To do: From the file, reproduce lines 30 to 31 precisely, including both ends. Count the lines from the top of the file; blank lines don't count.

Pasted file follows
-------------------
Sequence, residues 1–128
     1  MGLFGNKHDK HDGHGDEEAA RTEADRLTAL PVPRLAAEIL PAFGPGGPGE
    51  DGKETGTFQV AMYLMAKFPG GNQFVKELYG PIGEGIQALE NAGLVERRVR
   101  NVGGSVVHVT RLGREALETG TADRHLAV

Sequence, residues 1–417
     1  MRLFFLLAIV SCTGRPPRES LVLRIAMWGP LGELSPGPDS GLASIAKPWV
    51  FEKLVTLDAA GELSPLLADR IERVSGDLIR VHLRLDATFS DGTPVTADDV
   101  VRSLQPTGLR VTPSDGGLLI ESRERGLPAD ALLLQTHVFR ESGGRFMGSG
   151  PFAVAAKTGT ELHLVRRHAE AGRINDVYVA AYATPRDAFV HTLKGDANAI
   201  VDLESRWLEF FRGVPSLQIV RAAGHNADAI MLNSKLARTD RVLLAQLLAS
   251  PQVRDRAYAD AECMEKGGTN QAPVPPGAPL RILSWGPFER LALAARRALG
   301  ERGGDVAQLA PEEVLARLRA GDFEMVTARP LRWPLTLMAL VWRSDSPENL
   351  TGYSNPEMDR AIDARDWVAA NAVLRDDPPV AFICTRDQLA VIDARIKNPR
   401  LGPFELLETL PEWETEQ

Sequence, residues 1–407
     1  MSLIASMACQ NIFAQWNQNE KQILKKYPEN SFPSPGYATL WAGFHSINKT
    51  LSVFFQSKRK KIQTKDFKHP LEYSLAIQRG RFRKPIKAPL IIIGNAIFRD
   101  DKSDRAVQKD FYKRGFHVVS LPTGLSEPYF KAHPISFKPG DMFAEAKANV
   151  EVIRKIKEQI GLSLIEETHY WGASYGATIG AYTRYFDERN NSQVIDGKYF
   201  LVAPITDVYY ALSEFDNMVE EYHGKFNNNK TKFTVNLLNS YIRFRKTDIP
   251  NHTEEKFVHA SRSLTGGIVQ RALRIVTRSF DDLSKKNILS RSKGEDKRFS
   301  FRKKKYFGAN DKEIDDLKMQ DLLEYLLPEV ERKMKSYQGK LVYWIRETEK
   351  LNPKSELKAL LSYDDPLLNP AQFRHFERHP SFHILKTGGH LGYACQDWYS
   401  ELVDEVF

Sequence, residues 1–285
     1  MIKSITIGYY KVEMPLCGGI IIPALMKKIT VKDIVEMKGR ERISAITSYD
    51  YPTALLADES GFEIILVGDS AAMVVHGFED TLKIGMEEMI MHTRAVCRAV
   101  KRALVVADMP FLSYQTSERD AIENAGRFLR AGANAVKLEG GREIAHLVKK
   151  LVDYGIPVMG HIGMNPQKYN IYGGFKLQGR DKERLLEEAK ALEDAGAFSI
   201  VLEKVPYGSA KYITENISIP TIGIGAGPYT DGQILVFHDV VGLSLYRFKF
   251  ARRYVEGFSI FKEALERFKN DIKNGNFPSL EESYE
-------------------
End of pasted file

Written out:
   201  VLEKVPYGSA KYITENISIP TIGIGAGPYT DGQILVFHDV VGLSLYRFKF
   251  ARRYVEGFSI FKEALERFKN DIKNGNFPSL EESYE